The non-arrival of the mail-steamer left us now no other care save the all-important one of procuring food and shelter. Scouts were accordingly despatched to the best hotels; they returned with long faces - "full." The second-rate, and in fact every respectable inn and boarding or lodging-house were tried but with no better success. Here and there a solitary bed could be obtained, but for our digging party entire, which consisted of my brother, four shipmates, and myself, no accommodation could be procured, and we wished, if possible, to keep together. "It's a case," ejaculated one, casting his eyes to the slight roof above us as if calculating what sort of night shelter it would afford. At this moment the two last searchers approached, their countenances not quite so woe-begone as before. "Well?" exclaimed we all in chorus, as we surrounded them, too impatient to interrogate at greater length. Thank Heavens! they had been successful! The house-keeper of a surgeon, who with his wife had just gone up to Forest Creek, would receive us to board and lodge for thirty shillings a week each; but as the accommodation was of the indifferent order, it was not as yet une affaire arrangée. On farther inquiry, we found the indifferent accommodation consisted in their being but one small sleeping-room for the gentlemen, and myself to share the bed and apartment of the temporary mistress. This was vastly superior to gipsying in the dirty streets, so we lost no time in securing our new berths, and ere very long, with appetites undiminished by these petty anxieties, we did ample justice to the dinner which our really kind hostess quickly placed before us. 
The first night on shore after so long a voyage could scarcely seem otherwise than strange, one missed the eternal rocking at which so many grumble on board ship. Dogs (Melbourne is full of them) kept up an incessant barking; revolvers were cracking in all directions until daybreak, giving one a pleasant idea of the state of society; and last, not least, of these annoyances was one unmentionable to ears polite, which would alone have sufficed to drive sleep away from poor wearied me. How I envied my companion, as accustomed to these disagreeables, she slept soundly by my side; but morning at length dawned, and I fell into a refreshing slumber. 
The next few days were busy ones for all, though rather dismal to me, as I was confined almost entirely within doors, owing to the awful state of the streets; for in the colonies, at this season of the year, one may go out prepared for fine weather, with blue sky above, and dry under foot, and in less than an hour, should a colonial shower come on, be unable to cross some of the streets without a plank being placed from the middle of the road to the pathway, or the alternative of walking in water up to the knees.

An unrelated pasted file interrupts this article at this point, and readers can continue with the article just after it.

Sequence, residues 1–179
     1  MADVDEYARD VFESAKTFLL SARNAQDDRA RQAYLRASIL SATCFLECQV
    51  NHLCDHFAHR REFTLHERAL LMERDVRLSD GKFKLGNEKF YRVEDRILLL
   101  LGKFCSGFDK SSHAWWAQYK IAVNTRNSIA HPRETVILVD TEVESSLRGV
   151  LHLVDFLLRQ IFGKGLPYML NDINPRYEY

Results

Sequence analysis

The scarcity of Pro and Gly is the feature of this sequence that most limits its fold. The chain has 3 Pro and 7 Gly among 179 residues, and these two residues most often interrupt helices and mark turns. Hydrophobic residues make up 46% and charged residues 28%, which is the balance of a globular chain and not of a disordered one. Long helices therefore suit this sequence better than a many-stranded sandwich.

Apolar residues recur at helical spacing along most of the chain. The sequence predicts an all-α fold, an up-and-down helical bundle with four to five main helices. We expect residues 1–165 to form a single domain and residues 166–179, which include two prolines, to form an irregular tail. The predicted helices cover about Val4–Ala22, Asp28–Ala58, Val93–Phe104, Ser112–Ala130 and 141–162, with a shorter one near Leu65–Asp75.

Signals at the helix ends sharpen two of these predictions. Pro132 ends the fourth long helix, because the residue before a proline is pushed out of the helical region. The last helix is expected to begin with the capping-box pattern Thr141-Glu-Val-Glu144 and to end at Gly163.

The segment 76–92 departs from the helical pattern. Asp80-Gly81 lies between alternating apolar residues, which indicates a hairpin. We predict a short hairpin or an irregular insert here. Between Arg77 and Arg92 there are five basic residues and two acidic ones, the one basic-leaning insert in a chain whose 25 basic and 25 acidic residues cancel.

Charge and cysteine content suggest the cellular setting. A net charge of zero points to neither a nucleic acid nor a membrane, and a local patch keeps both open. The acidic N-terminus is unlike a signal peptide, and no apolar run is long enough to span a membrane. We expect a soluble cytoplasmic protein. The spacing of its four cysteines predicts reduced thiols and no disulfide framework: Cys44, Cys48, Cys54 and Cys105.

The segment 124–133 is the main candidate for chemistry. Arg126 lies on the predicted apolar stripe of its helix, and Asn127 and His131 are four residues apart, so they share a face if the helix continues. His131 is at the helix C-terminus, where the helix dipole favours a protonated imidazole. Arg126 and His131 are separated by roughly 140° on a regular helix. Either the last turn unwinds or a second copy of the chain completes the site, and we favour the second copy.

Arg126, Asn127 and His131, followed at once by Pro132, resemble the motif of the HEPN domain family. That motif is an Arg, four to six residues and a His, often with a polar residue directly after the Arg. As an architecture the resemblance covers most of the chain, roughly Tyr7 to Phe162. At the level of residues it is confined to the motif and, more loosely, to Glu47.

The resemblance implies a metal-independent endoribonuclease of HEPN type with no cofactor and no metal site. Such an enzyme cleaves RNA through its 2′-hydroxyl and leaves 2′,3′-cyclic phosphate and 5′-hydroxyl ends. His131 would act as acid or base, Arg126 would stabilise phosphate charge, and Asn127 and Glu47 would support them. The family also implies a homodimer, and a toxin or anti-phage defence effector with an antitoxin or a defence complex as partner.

This may seem a doleful and overdrawn picture of my first colonial experience, but we had arrived at a time when the colony presented its worst aspect to a stranger. The rainy season had been unusually protracted this year, in fact it was not yet considered entirely over, and the gold mines had completely upset everything and everybody, and put a stop to all improvements about the town or elsewhere. 
Our party, on returning to the ship the day after our arrival, witnessed the French-leave-taking of all her crew, who during the absence of the captain, jumped overboard, and were quickly picked up and landed by the various boats about. This desertion of the ships by the sailors is an every-day occurrence; the diggings themselves, or the large amount they could obtain for the run home from another master, offer too many temptations. Consequently, our passengers had the amusement of hauling up from the hold their different goods and chattels; and so great was the confusion, that fully a week elapsed before they were all got to shore. Meanwhile we were getting initiated into colonial prices - money did indeed take to itself wings and fly away. Fire-arms were at a premium; one instance will suffice - my brother sold a six-barrelled revolver for which he had given sixty shillings at Baker's, in Fleet Street, for sixteen pounds, and the parting with it at that price was looked upon as a great favour. Imagine boots, and they very second-rate ones, at four pounds a pair. One of our between-deck passengers who had speculated with a small capital of forty pounds in boots and cutlery, told me afterwards that he had disposed of them the same evening he had landed, at a net profit of ninety pounds - no trifling addition to a poor man's purse. Labour was at a very high price, carpenters, boot and shoemakers, tailors, wheelwrights, joiners, smiths, glaziers, and, in fact, all useful trades, were earning from twenty to thirty shillings a day - the very men working on the roads could get eleven shillings per diem, and, many a gentleman in this disarranged state of affairs, was glad to fling old habits aside and turn his hand to whatever came readiest. I knew one in particular, whose brother is at this moment serving as colonel in the army in India, a man more fitted for a gay London life than a residence in the colonies. The diggings were too dirty and uncivilized for his taste, his capital was quickly dwindling away beneath the expenses of the comfortable life he led at one of the best hotels in town, so he turned to what as a boy he had learnt for amusement, and obtained an addition to his income of more than four hundred pounds a year as house carpenter. In the morning you might see him trudging off to his work, and before night might meet him at some ball or soirée among the élite of Melbourne.